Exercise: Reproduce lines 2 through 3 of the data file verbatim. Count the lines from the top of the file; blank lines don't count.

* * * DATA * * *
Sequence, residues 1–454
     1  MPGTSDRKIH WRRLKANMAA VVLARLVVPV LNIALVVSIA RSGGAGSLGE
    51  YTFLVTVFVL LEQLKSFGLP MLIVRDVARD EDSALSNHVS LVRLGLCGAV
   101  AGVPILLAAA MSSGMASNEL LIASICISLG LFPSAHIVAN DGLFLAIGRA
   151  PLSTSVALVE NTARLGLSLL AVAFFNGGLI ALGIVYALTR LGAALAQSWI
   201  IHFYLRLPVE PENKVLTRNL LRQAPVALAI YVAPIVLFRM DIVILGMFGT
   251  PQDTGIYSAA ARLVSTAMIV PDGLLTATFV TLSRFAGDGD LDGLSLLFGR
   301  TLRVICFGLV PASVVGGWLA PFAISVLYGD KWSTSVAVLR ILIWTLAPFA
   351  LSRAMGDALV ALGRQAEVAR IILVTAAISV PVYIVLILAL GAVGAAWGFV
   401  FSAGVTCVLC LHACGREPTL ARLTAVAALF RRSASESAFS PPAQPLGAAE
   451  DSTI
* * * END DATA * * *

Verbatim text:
     1  MPGTSDRKIH WRRLKANMAA VVLARLVVPV LNIALVVSIA RSGGAGSLGE
    51  YTFLVTVFVL LEQLKSFGLP MLIVRDVARD EDSALSNHVS LVRLGLCGAV